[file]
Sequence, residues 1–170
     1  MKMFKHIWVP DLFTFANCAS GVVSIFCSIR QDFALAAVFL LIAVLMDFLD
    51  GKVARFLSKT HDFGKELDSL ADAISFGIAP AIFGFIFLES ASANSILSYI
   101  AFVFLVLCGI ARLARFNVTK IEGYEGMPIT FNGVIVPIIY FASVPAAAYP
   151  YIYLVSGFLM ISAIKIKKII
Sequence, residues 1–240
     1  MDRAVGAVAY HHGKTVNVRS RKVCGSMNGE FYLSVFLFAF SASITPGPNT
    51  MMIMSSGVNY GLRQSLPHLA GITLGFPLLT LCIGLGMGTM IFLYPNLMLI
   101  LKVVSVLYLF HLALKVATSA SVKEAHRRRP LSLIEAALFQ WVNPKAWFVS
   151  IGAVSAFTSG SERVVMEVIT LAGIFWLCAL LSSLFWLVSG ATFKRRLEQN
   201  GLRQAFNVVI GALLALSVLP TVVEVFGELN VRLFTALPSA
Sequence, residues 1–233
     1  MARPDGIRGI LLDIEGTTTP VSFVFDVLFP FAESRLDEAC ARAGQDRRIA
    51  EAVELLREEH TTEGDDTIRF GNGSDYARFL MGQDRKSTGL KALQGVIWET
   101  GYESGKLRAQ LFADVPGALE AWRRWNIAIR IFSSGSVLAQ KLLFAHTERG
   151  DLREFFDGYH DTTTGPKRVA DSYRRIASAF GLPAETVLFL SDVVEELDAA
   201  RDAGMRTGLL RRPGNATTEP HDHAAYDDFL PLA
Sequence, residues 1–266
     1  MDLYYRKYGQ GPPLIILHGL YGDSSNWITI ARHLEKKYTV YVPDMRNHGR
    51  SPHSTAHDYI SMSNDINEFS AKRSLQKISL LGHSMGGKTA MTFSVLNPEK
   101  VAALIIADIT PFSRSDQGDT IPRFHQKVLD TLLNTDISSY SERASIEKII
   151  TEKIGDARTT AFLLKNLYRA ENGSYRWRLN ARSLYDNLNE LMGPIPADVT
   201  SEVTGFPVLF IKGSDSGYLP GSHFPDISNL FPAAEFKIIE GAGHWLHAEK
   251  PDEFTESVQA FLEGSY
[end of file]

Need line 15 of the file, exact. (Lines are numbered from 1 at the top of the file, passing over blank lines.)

   101  GYESGKLRAQ LFADVPGALE AWRRWNIAIR IFSSGSVLAQ KLLFAHTERG